A SWOT analysis is a simple and useful tool to help both new and established companies develop their business strategy. So how do you conduct a SWOT analysis for an accounting firm? This article will look at the following areas:

●        What is a SWOT analysis?

●        Why is a SWOT analysis helpful?

●        How to create a SWOT analysis of an accounting firm, section by section

What is a SWOT analysis?

SWOT stands for Strengths, Weaknesses, Opportunities, and Threats. SWOT analysis is an exercise in listing these aspects and how they apply to your business as a means of creating an effective business management strategy.

Strengths and weaknesses will be items that are internal to your business, i.e.: things that you have control over, such as:

●        What do you do better or worse than your competitors?

●        What areas is your business an expert in?

●        Do you have the right level of cash flow?

●        What skills do you have, or lack?

●        Do you have the right technology to help you manage the business effectively?

●        Do you have employees, and if not, what talents would be beneficial?

Opportunities and threats are external factors that you do not have control over, and are subject to the wider market. They could include:

●        Competitor activity

●        The price of raw materials or supplier costs

●        Market demand or trends in customer behaviour

Why is SWOT analysis helpful?

Doing SWOT analysis allows you to look at your business from different perspectives to determine where you can improve. Don’t assume you already know everything there is to know about how to run your firm.

By seeking the opinions of others to help you with the analysis, you will learn more about your business. Ask employees from several departments to get involved, or if you are a sole trader who runs their own accounting firm, then ask friends, family, your legal team or any other people who know you and your business to give you feedback on your SWOT analysis. They can be objective and may see things from a different perspective to you, which will help you get a fresh take on how to capitalise on your findings.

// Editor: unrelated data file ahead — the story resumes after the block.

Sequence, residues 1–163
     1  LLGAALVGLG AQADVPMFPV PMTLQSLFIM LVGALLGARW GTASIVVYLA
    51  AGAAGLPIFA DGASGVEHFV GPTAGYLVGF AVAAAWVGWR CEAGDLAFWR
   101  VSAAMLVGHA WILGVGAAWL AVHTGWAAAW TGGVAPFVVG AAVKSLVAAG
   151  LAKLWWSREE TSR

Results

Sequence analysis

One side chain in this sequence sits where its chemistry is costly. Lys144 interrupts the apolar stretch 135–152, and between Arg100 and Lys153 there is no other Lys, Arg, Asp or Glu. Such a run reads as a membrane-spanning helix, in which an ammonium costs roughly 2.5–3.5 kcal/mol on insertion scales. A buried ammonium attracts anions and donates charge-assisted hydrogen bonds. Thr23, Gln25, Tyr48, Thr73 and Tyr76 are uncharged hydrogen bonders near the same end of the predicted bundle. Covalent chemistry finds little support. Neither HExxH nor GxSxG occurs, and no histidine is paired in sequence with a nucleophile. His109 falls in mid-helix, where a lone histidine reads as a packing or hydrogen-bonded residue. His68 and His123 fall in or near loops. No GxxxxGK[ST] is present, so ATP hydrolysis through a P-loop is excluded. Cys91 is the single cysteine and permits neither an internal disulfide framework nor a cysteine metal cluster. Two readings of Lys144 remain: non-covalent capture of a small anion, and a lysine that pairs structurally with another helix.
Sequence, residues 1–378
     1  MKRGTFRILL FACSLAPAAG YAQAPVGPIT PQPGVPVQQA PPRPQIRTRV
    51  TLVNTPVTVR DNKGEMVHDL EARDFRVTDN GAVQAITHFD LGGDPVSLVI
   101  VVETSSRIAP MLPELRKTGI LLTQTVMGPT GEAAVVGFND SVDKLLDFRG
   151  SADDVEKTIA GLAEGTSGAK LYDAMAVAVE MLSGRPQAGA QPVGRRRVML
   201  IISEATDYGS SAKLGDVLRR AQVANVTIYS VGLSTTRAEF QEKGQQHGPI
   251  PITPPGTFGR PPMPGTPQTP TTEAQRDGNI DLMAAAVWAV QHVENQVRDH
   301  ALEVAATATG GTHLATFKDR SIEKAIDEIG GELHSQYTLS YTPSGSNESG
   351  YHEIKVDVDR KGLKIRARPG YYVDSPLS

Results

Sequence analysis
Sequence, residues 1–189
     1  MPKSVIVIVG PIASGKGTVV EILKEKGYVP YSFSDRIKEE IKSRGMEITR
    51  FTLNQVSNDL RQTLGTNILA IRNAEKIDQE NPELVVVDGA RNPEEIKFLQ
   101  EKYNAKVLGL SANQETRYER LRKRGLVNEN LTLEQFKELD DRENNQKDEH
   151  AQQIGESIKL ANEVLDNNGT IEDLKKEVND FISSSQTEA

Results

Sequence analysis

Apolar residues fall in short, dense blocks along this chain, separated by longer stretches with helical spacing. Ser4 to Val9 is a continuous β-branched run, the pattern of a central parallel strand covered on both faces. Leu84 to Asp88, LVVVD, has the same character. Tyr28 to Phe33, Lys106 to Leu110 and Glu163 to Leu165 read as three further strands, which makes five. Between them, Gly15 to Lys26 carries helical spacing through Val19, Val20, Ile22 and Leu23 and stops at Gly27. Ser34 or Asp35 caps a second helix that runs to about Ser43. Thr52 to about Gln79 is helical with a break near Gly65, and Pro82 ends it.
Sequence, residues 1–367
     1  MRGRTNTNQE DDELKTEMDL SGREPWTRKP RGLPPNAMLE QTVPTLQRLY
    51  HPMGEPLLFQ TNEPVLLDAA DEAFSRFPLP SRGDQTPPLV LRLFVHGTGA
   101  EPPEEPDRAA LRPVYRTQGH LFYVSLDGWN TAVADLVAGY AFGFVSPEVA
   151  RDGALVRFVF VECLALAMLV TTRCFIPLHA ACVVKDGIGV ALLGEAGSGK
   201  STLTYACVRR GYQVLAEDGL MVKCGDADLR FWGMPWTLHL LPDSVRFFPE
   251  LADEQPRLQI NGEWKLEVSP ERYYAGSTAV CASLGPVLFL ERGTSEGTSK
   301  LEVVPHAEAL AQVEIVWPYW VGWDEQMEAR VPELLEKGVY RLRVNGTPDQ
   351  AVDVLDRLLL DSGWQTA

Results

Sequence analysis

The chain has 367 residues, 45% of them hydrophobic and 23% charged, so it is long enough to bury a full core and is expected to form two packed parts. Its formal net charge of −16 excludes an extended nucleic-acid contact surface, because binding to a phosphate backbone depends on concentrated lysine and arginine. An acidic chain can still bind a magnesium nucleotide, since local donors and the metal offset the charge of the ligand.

How to create a SWOT analysis of an accounting firm, section by section 

Gather your team in a meeting to get their feedback together in one document, or ask your external contributors to give you their feedback for you to compile. Let’s go through how to fill out the document for an accounting firm.

How to set out the SWOT analysis

You can use a spreadsheet, a word document, or a flipchart and sticky notes to lay out the SWOT sections. You may want a ‘one pager’ with four sections on one page so that you can reference each item easily. Whichever way you choose is fine, just make sure it is easy to understand for the analysis stage.


In your strengths section, list the positive attributes of your business that are within your control, such as:

●        What do you do successfully?

●        What do you do better than your competition?

●        Do you have a unique selling point? For example you may specialise in a certain sector.

●        What customer feedback are you particularly proud of?

●        What operational processes work really well?

●        What assets do you have, in terms of knowledge, education, network and reputation?


Now list your weaknesses in a separate section. These are things that are also within your control, like:

●        What do you lack compared to your competitors?

●        What business processes could be accelerated?

●        Is your location important to your success?

●        Are there gaps in the team that could be filled?

●        Are there assets (both tangible assets, like money or equipment, or intangible such as digital literacy) that you are missing, that could be crucial to your success?


Opportunities are factors in your business environment that that you could capitalise on, such as:

●        Is your market, or your target audience growing? For example, maybe you have spotted a new industry that you could specialise in before any competitors do so.

●        Are there new or interesting events that your firm could attend?

●        Any upcoming regulatory changes that may impact your business or your clients?


Now list your threats, which are risks that could materialise. While you can protect your firm with contingency plans, you cannot prevent them from happening. These could be factors such as:

●        Are there new competitors entering your market?

●        Will changes in technology affect how you do business?

●        Is client behaviour changing in a way that could affect you? For example, are many clients doing their accounting or bookkeeping online and is your business equipped to manage that?

●        Do you have any clients in sectors that are failing or falling behind in market trends that you may lose?

The analysis

Time to analyse what you’ve listed and create a business strategy. Look at your strengths and opportunities and find ways to match them up so that you can take advantage of available opportunities. Then look at how your strengths can protect you from any threats. This will allow you to tap into the potential of your strengths in a focused way.

By looking at your weaknesses you can make a plan of action of how to change those too.

Finally create a list of actions you’ll make, which will be your strategy. This gives your accounting firm a list of things to focus on for the foreseeable future that will help to achieve business growth and adapt to the future market.

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